On May 3, I wrote a column about the dangers of potentially deadly legionella bacteria. Legionella bacteria can thrive in hot-water systems...

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On May 3, I wrote a column about the dangers of potentially deadly legionella bacteria. Legionella bacteria can thrive in hot-water systems. Hotter water kills the bacteria, and the hotter the better for keeping it out. As with most things, there are two sides to an issue and some actions may have unintended consequences.

I had a conversation recently with a reader from Lake Forest Park, Michal Ann McAllister, about another side of this issue:

McAllister told me about how her daughter’s scalding accident 25 years ago helped to pass legislation requiring all new water heaters to be initially set at 120 degrees Fahrenheit. She told me how it happened.

“It was between Christmas and New Year’s 1981, and she was 17 months old,” she said. “We were at her grandparent’s where, unbeknownst to me, the water temperature was set to 150 Fahrenheit, about the temperature of hot coffee. The tank was located just behind the wall of the bathroom. I had quickly rinsed her in the sink, and for just a few seconds I went into the next room to throw away a diaper. She pulled on the hot-water handle, I heard her scream, and ran in almost instantly. The scalding water had blasted the skin right off her butt. It was literally hanging off.”

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I can see how a terrible tragedy like that could occur. A third-degree burn occurs with 10 minutes’ exposure to 120 F water. Only slightly warmer at 130 F, it takes 30 seconds, and at 150 F, there’s not much time to get out of the way because third-degree burns occur within five seconds!

McAllister, who said she keeps up with the issue even today, said since the legislation passed, tap-water scalds have decreased in our state dramatically.

Of course, the other side of it is that the potential for legionella-bacteria infections increases as the temperature in these same tanks decreases.

Much research has been done on this issue and the latest information from many plumbing-industry and public-health groups is that 122 F is the best compromise, providing the best protection against scalding and legionella.

The thing to remember is that that number is the delivered temperature at the tap, not at the tank. There can be from 3 to 5 degrees of drop in the plumbing system, so the tank could be slightly higher than 122.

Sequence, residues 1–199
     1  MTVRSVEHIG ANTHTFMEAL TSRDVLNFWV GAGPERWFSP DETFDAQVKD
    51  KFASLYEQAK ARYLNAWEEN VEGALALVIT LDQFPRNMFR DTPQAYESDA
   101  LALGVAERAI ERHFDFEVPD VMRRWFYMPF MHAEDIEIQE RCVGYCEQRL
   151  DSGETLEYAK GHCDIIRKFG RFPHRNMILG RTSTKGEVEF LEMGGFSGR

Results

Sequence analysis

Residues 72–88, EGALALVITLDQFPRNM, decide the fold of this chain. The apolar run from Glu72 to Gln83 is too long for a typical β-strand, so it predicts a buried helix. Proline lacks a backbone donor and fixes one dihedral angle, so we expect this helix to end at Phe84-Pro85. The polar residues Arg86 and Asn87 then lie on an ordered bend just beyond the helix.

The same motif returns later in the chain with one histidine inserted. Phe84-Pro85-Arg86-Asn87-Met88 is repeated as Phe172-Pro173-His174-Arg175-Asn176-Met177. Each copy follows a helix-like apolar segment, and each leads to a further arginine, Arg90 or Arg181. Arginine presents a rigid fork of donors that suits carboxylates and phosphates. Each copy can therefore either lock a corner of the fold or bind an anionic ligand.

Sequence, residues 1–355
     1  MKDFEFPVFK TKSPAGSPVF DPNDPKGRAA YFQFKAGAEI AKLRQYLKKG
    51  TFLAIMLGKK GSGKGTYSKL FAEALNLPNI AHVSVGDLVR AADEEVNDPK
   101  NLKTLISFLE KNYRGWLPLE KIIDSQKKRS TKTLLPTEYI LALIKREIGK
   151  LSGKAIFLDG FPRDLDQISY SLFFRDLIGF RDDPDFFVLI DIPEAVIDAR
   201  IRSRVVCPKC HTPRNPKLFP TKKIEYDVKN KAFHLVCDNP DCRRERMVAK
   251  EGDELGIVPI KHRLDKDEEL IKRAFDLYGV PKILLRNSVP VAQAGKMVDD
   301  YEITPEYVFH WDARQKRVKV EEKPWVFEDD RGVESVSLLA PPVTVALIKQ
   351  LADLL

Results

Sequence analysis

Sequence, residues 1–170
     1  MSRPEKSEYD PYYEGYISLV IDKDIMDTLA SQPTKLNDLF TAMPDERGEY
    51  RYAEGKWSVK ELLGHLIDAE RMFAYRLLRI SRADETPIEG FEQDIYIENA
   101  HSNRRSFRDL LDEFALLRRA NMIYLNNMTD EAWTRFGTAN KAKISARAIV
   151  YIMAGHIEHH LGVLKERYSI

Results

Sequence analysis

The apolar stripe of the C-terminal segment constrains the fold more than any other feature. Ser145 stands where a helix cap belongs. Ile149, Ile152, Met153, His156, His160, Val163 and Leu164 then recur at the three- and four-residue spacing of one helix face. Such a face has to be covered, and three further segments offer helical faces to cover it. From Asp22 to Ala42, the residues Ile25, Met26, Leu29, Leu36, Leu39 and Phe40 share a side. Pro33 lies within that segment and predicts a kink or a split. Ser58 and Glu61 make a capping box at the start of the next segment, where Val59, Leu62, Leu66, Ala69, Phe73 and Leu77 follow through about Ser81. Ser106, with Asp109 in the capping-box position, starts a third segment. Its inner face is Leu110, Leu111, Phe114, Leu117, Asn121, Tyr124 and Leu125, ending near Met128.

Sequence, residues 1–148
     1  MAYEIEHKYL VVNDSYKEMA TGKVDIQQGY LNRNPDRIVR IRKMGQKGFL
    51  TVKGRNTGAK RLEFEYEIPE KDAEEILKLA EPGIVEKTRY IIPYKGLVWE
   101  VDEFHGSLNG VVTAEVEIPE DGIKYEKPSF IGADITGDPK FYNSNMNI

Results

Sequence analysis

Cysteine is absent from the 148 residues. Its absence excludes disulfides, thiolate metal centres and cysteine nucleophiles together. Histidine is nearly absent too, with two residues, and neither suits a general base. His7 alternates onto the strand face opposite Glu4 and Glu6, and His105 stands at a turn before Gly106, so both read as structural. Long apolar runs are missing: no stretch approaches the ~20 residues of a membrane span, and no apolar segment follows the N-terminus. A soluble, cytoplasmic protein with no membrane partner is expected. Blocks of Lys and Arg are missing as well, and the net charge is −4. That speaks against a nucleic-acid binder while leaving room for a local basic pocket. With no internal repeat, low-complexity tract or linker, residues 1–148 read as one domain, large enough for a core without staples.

Anti-scald technology has come a long way of late. There are a plethora of products available with prices from $15 to $1,500.

The best protection from both threats is a tank that keeps water at 140 F, but tempers it down in the lines with a whole-house mixing valve to allow delivery temperature at 120-122 F.

These tempering valves, or thermostatic mixing valves, are commonly installed on the open hydronic heating systems I mentioned May 3. One brand commonly seen is Aqua-Mix, and others are available. Whole-house valves can be retrofit on other buildings when supplied with a cold feed line.

Mixer valves in showers now are “balanced” to eliminate the infamous flush-burn. When cold-water flow is reduced, hot is reduced a commensurate amount, preventing the burn. These valves are generally either on or off, which can be a drawback if you want a lower flow of water or want to turn it off to soap up and have it come back on at the same temperature.

Several manufacturers make homeowner-installed devices called temperature-activated flow restrictors that screw onto just about any fixture and will literally shut off the flow of water when it exceeds a given temperature. They are generally very affordable. Hot Stop is one brand commonly seen in hardware stores.

Thermostatic valves are the most expensive genre, but give the most flexibility, allowing water flow to be regulated and preset to a given temperature, sometimes even digitally. The highest-end fixtures have this kind of scald-prevention valve.

Most anti-scald devices reduce the available flow and pressure somewhat, and can be affected by grit, rust, Teflon and other debris in older plumbing systems.

Darrell Hay is a local home inspector and manages several rental properties. Send e-mail to dhay@seattletimes.com. Sorry, no personal replies.